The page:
The book, by lawyer Thomas Martin and possibly the Bishop of Winchester Stephen Gardiner (also Lord Chancellor of England), belonged to John Ponet, who had previously replaced Gardiner as Bishop of Winchester in 1551but fled into exile following Queen Mary’s restoration of the doctrine and personnel of the Catholic church.
The Traictise explicitly set out to refute the argument of Ponet’s A Defence for mariage of priestes (London, 1549) and to justify the Marian reintroduction of clerical celibacy. Although there are 22 other copies of the book in UK collections, this volume is unique in that it contains extensive annotations of the printed text and a book length manuscript that is part working notes and part draft text for Ponet’s own reply to Gardiner and Martin.
Culture Minister Ed Vaizey took the decision to defer granting an export licence for the traictise following a recommendation by the Reviewing Committee on the Export of Works of Art and Objects of Cultural Interest (RCEWA), administered by Arts Council England, on the grounds that it is of outstanding significance for the study the history of the English Reformation and the adversarial culture of publication in sixteenth-century Europe.
Culture Minister Ed Vaizey said: “The story behind this manuscript is fascinating – two Bishops at loggerheads with each other, both with equally strong convictions, but at polar opposites on the issue of clerical marriage. This volume contains a wealth of information about a time when the fate of the Reformation hung in a delicate balance, - there is so much more to learn from it and I hope it can remain here in the UK.”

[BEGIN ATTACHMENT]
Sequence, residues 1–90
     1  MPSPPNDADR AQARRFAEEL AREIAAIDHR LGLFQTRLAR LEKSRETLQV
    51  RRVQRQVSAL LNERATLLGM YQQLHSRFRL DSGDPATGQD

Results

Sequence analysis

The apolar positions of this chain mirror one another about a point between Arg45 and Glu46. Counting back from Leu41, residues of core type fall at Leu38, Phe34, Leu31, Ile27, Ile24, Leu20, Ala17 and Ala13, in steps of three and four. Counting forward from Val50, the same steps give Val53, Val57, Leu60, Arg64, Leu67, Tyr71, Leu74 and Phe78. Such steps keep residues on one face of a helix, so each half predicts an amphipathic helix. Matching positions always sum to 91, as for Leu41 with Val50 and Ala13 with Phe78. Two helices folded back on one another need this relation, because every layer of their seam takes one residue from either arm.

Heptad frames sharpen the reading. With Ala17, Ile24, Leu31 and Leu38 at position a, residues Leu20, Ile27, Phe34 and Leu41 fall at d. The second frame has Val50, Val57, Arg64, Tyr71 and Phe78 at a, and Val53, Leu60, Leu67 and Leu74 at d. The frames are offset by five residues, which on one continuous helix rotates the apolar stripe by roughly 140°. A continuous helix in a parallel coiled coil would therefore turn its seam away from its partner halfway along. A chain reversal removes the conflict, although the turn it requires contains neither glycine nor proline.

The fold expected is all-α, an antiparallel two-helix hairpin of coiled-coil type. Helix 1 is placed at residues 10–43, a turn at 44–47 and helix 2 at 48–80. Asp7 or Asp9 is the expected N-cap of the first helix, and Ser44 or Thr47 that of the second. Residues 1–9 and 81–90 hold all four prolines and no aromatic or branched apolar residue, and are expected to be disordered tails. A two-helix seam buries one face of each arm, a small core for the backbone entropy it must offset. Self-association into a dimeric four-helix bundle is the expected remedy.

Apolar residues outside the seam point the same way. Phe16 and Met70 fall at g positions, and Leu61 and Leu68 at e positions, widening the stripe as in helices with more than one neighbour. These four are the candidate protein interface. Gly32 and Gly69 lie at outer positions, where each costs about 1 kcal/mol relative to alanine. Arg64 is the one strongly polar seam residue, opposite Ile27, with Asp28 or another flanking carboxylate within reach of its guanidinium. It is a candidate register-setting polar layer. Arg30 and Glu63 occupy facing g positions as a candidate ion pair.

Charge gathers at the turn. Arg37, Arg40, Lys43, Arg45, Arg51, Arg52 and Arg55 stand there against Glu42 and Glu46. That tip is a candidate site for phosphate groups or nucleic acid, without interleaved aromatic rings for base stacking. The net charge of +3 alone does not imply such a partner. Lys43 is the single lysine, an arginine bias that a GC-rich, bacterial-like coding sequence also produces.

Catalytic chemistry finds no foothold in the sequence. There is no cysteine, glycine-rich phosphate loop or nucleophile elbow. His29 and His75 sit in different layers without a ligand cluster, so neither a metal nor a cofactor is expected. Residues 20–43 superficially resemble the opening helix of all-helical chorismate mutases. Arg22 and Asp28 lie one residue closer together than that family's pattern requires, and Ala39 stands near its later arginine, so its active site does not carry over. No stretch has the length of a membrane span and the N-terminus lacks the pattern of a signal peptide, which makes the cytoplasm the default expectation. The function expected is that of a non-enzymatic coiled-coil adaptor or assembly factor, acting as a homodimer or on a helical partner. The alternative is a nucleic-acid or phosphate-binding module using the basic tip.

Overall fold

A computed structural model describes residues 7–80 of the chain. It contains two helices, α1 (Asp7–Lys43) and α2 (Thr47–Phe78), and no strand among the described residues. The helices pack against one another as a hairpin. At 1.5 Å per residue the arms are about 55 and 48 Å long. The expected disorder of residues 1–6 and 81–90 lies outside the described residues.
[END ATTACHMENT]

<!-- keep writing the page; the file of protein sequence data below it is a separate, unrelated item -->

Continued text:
Christopher Wright from the RCEWA commented: 'One of Archbishop Thomas Cranmer’s right-hand men, John Ponet was a key figure in the English Reformation. As a priest who had married even before English law allowed it – unfortunately, firstly to the bigamous wife of a Nottingham butcher; he subsequently remarried – he had both a personal and theological stake in the success of religious reform. This Traictise, written specifically to attack him and full of his furious notes for a published response, is the rarest of survivals. Few volumes take one with such immediacy to the passionate heart of religious debate during the troubled reign of Mary Tudor.'
The decision on the export licence application for the traictise will be deferred for a period ending on 23 December inclusive. This period may be extended until 23 March inclusive if a serious intention to raise funds to purchase the archive at the recommended price of £116,500.
Notes to editors
1. Organisations or individuals interested in purchasing the traictise should contact RCEWA on 0845 300 6200.
2. The Reviewing Committee on the Export of Works of Art and Objects of Cultural Interest is an independent body, serviced by Arts Council England, which advises the Secretary of State for Culture, Media and Sport on whether a cultural object, intended for export, is of national importance under specified criteria.
3. Arts Council England champions, develops and invests in artistic and cultural experiences that enrich people’s lives. Between 2010 and 2015, it will invest £1.9billion of public money from government and an estimated £1.1 billion from the National Lottery to help create these experiences for as many people as possible across the country. www.artscouncil.org.uk
4. An image of the traictise can be downloaded from http://www.flickr.com/photos/thedcms/10456418363/in/set-72157624162196307